In Fall 2017, I was awarded a fellowship sponsored by two Cal Poly organizations, the Center for Service in Action and the Center for Teaching, Learning, and Technology, to design and teach a service learning course during the 2018-19 school year. I teamed up with Grace Yeh, a professor in the Ethnic Studies department, to re-design two of our courses that are most similar in content, my Ethnic American Literature course and her Global Origins of U.S. Cultures course. Since then, we have been hard at work envisioning our service learning projects and reaching out to different non-profit organizations in the San Luis Obispo community to learn about their services and propose a possible partnership.
This morning the Center for Service in Action put on a showcase to celebrate our efforts. All of the faculty fellows were asked to create a poster describing the vision for our course re-designs that we could display during the showcase. I found this exercise extremely useful for helping me to identify and articulate the central goals of my course re-design. The showcase was a success, attracting many visitors and giving all of us fellows an opportunity to see how each other's course re-designs are coming along. I am getting excited to put this service learning course into action, which will happen in Winter 2019, when I am next scheduled to teach Ethnic American Literature.
I just returned from the 2018 Association for Asian American Studies Convention in San Francisco, CA, where I had a very exciting experience. As I was presenting my paper, "'We Lacked Allies': Searching for Cross-Cultural Solidarity in May-lee Chai's Hapa Girl," I looked out into the audience and saw none other than the very author whose work I was presenting on, May-lee Chai herself! Her presence struck me as a gift, as it was incredibly humbling and exciting to meet and chat with the brilliant mind who created Hapa Girl.
After the panel was over, May-lee and I talked for quite a while; I was delighted to discover that she is not only intelligent and talented, but also warm and friendly. I know that we will continue to stay in touch, and I hope to invite her to Cal Poly to meet with my students when I teach one of her books in the future.
Yesterday was a very exciting day at Cal Poly. All across campus, faculty, staff, and students participated in the second annual Inclusion Starts With Me Teach In, which is a day of programming dedicated to topics related to diversity, inclusion, and social justice. The day's events culminated in a talk by the renowned author and scholar Viet Thanh Nguyen, who spoke about his Pulitzer Prize-winning debut novel, The Sympathizer (2015).
I contributed to the Teach In by co-facilitating a workshop on critical refugee studies with my colleague Maggie Bodemer, a lecturer in the history department who specializes in the history of Southeast Asia. We chose this topic to honor Nguyen’s presence on campus, since many of his recently published works explore the impact of the war in Vietnam on Southeast Asian refugee communities. The workshop was a great success, attracting several dozens of students and faculty and prompting robust discussion about the field of critical refugee studies, as well as the history and memory of the war in Vietnam. Here is a full schedule of all the Teach In events.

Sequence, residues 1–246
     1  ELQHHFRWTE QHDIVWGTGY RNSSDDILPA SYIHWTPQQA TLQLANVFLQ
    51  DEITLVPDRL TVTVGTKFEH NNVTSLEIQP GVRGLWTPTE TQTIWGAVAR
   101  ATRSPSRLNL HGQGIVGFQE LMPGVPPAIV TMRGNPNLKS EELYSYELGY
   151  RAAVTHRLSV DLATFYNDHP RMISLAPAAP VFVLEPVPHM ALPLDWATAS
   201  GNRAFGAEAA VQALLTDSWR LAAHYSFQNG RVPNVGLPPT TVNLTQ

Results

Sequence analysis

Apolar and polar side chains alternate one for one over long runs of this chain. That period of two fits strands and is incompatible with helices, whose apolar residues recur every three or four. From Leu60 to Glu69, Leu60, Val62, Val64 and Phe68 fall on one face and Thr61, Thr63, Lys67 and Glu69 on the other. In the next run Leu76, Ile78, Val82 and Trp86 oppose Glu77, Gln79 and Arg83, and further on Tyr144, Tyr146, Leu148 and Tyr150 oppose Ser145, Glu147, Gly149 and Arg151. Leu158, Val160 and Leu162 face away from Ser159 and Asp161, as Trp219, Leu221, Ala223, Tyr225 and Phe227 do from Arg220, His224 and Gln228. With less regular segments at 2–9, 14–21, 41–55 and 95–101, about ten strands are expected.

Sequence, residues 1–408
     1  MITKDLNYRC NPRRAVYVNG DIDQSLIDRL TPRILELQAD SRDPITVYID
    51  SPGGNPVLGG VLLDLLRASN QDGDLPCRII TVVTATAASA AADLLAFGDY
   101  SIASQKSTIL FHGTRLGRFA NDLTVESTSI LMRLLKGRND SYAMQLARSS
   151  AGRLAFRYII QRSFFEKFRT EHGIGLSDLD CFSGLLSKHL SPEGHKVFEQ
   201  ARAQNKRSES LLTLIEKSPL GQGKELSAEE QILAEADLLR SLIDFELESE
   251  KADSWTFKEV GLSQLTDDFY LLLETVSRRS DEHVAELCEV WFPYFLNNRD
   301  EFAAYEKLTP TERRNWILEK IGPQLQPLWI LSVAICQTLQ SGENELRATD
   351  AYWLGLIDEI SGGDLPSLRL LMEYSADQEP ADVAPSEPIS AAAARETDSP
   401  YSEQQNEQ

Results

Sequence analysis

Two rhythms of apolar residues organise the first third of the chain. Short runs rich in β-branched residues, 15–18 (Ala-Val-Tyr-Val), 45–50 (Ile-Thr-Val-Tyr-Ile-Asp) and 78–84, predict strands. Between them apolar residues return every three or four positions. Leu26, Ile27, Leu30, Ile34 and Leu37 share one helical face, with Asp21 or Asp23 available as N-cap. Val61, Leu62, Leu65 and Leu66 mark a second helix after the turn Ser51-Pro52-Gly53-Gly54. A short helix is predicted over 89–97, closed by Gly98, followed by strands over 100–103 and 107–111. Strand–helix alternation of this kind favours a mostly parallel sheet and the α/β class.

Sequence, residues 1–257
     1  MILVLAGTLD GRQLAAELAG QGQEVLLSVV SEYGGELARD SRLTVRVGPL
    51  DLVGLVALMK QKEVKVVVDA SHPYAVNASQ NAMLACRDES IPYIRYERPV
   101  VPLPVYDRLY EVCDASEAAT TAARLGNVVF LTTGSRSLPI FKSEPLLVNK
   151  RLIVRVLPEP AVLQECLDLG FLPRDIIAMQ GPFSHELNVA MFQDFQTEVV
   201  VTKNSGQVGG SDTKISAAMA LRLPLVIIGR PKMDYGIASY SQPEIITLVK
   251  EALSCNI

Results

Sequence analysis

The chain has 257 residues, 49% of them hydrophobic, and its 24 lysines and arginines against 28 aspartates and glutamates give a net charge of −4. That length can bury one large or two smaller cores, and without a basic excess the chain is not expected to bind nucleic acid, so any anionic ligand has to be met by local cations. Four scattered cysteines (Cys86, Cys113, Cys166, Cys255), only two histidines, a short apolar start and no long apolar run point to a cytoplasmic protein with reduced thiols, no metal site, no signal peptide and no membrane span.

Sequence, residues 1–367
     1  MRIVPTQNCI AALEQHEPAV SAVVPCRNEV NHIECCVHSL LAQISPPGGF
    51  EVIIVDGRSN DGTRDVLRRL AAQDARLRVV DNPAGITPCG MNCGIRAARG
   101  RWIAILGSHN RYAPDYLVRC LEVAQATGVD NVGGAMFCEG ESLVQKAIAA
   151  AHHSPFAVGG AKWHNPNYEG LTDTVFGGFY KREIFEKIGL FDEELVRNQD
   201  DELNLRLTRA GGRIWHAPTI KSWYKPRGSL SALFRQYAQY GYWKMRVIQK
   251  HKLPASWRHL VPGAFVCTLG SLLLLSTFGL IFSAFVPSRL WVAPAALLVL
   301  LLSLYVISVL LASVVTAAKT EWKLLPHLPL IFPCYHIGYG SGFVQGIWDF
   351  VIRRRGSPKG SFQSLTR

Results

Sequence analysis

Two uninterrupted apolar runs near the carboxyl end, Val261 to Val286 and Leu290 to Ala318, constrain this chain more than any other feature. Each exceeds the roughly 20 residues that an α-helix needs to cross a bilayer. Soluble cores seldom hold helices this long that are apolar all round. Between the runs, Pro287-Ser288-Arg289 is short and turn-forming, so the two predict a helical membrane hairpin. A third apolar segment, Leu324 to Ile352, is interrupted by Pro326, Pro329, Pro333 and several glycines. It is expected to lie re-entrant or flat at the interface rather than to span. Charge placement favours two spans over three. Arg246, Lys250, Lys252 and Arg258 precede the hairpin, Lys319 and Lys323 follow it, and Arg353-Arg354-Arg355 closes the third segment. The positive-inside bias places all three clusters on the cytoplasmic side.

After facilitating this workshop, I had the incredible honor of meeting Nguyen during a small meet-and-greet with a few students and faculty members. I have long admired Nguyen’s work as one of the foremost scholars in the field of Asian American literary studies. I remember reading Nguyen’s first monograph, Race and Resistance: Literature and Politics in Asian America (2002), with great interest as a Ph.D. student. This past year, I was riveted as I read The Sympathizer, which recounts the history of the 1975 fall of Saigon and its aftermaths from the perspective of a communist spy in the South Vietnamese army. You can probably imagine how excited I was to meet the mastermind behind these great works in person!
In anticipation of Nguyen's visit to our campus, I assigned the students in my Asian American literature course this quarter a couple of stories from Nguyen’s recently published short story collection, The Refugees (2017). My students were thrilled to learn that they would have the opportunity to meet the author of the stories they were reading this week. I am grateful that my students were able not only to read and discuss these wonderful literary works in my classroom, but also to hear directly from the author himself, who was able to enrich their understanding of the material by providing even more insights about his writings. Below is a flyer for Nguyen’s talk and some photos that were taken during the event.
I am delighted to share that my latest research article, "Chicano Gang Members at Risk: Containment, Flight, and an Alternative Vision of Sociality in Luis J. Rodriguez's Always Running," was published today in the Spring 2018 issue of MELUS: Multi-Ethnic Literature of the United States (volume 43, issue 1). You can read the abstract and download the full article with institutional access here.
Check out this page for periodic updates about my research, teaching, and community work.